Books

ABSOLUTE WILL

In April 2003, I was invited to the Edward de Vere Studies Conference, held annually at Concordia University in Portland, Oregon, to speak about the history of the coverage of the Shakespeare authorship question over a span of 150 years in the pages of the New York Times.

PRAISE THE BARD

No artist is solely responsible for a work of art. Every creative work relies on cultural history, collaboration, and the creative contribution of its audience. Harold Bloom, in declining health, is the subject of discussion these days. Not always a fond subject.

SELF POSSESSION, SELF INVENTION

The Blue Orchard, Jackson Taylor’s first novel, is the story of an indomitable  woman with a nature that seems to defy deforming pressures. If it sounds a bit like it has affinities with Hawthorne’s The Scarlet Letter, one is not far off the mark.

SMALL WONDER

Painter, Installation Artist, Writer, Andrea Scrima has written a work of fiction. Dreamlike Marquezian sequences float and weave through the eyes of a woman in the wake of her father’s death, the shadow of her mother’s passing.

STAKES LOW, DROWNS SLOW

In his own words, Milo Burke, the quasi-anti-hero of Sam Lipsyte’s novel, The Ask, is “A man with many privileges and zero skills.” An impotent and spineless everyman, Milo is reflected time and  again in the characters he encounters throughout The Ask, widening his despair and our own.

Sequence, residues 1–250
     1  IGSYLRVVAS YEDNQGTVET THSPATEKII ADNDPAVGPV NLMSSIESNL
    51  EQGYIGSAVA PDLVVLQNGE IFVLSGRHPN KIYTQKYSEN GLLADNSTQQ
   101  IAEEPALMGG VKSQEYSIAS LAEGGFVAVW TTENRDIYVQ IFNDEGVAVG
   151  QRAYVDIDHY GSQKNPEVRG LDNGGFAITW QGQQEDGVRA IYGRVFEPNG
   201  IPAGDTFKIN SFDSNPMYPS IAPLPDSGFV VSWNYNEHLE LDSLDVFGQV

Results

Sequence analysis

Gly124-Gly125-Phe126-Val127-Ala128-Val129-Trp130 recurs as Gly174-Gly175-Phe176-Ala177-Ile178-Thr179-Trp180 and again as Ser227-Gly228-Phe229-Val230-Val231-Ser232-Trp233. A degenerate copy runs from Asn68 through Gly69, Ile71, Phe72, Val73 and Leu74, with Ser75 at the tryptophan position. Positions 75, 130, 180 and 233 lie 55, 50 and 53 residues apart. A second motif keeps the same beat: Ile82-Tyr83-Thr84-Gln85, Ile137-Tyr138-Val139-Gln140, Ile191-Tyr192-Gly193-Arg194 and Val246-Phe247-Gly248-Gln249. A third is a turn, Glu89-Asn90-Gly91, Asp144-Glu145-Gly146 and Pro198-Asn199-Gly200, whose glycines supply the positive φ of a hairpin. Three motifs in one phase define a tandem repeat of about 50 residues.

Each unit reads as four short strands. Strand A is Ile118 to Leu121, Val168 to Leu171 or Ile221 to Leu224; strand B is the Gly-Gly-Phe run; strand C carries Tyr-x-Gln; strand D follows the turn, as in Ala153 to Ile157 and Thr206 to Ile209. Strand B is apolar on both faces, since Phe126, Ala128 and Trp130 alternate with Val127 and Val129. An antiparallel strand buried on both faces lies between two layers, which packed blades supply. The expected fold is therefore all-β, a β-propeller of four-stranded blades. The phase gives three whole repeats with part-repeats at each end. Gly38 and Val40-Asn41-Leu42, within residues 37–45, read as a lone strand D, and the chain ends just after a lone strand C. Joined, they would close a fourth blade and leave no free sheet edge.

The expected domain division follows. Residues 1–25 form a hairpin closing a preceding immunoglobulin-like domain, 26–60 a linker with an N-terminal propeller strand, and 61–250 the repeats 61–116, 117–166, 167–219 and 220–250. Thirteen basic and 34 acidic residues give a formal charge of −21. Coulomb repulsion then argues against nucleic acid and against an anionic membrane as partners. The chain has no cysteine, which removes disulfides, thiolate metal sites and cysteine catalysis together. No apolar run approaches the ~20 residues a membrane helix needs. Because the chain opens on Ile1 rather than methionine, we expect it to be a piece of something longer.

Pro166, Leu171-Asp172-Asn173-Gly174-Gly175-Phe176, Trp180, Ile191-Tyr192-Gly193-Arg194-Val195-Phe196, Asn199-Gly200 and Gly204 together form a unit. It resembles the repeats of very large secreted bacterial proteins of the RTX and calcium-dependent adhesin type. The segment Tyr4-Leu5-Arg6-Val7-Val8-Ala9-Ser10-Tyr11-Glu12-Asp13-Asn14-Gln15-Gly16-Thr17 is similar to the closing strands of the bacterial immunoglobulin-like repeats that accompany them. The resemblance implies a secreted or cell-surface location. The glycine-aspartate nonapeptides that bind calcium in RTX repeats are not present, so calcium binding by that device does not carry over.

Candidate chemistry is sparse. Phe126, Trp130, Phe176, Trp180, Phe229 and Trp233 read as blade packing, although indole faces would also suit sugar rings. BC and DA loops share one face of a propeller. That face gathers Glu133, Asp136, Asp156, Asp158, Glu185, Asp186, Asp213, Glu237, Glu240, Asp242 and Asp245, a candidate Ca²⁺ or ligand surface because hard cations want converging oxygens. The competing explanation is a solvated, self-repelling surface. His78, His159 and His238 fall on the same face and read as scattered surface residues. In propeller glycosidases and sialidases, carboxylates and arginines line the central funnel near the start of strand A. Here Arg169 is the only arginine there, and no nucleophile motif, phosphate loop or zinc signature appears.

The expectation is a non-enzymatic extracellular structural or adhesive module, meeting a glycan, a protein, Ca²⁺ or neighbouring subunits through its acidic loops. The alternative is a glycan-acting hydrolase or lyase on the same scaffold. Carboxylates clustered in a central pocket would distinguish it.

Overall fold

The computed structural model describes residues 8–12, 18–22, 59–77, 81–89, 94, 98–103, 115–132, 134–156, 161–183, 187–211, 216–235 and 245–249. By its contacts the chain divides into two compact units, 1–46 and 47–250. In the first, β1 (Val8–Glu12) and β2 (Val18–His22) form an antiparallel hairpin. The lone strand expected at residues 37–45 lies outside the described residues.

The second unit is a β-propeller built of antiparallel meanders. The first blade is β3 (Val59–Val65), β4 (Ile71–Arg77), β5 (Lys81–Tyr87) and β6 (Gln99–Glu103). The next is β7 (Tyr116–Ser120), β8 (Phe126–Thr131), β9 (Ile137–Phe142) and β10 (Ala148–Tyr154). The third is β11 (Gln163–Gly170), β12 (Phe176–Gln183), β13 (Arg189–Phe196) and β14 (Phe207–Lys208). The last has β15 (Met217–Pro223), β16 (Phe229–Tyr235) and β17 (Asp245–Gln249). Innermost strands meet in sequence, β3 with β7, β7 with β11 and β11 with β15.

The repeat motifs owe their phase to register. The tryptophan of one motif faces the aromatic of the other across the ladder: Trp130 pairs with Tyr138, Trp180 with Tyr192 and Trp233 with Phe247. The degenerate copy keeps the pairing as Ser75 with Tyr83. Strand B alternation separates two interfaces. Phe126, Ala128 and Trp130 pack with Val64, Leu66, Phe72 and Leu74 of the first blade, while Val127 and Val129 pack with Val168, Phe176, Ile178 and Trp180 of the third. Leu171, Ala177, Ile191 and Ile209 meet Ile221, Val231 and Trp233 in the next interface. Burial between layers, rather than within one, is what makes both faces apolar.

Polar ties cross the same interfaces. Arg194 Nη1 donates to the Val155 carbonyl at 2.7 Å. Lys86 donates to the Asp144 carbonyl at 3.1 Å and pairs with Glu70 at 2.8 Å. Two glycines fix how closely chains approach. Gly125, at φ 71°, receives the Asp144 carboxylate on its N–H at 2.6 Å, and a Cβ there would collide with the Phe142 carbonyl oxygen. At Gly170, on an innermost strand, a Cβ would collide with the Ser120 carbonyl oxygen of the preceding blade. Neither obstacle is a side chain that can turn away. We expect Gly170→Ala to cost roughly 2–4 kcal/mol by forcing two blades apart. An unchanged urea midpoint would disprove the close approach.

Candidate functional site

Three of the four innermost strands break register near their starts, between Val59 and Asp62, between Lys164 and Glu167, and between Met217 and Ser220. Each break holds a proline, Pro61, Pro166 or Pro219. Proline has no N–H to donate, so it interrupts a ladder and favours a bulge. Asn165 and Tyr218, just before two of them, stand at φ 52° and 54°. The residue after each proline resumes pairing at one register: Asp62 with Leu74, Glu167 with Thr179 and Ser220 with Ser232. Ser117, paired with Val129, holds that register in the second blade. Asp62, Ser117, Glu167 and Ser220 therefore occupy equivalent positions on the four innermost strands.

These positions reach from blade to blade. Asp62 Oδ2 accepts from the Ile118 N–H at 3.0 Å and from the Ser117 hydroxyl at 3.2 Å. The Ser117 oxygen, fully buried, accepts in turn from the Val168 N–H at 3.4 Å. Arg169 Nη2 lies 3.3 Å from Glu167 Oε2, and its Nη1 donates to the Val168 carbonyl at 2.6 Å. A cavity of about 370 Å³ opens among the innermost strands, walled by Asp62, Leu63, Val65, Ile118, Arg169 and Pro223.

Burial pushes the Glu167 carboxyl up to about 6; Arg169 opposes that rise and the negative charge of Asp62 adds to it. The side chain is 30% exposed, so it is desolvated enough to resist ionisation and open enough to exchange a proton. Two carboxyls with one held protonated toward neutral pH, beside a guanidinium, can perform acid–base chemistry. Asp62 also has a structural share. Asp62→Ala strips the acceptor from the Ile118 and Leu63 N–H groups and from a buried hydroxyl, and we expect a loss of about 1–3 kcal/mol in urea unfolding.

FOE FLOW

A Jesse Ball magic mystery tour in a land of Calvino’s fables? With zany temporal shifts and winsome absurdities, Light Boxes, Shane Jones’s refractive first book, dispatches readers on just such a journey. Lyrical flights and evocative metaphors render the prose in poetic terms. In The Failure Six, Jones methodically dispenses with storytelling, surrendering the text to one strange and beautiful image after another

EVERYTHING WHERE?

The characters in Justin Taylor’s first book of fiction, a collection of 16 short stories entitled Everything Here Is the Best Thing Ever, are plagued by the familiar maladies of modern America’s youth. While most of these stories don’t break new ground in terms of subject matter, they are often cringingly relatable and, in a few instances, shine with tenderness, humor, and genuine insight.

THE KINDNESS OF NEIGHBORS

Several months ago, Robin Black was featured in the New York Times Magazine’s “Lives” column, relating her brush with reality TV. The extremely disheveled outward appearance of her house made it a candidate for a show she jokingly calls Your Neighbors Must Really Hate You.

RAPID TRANSIT

There’s nary a word wasted in these mini tours-de-force by Kay Ryan, our current national Poet Laureate. Beginning with poems from 1965, this book presents a lifetime’s work and it is an unqualified success.

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APR 2010

All Issues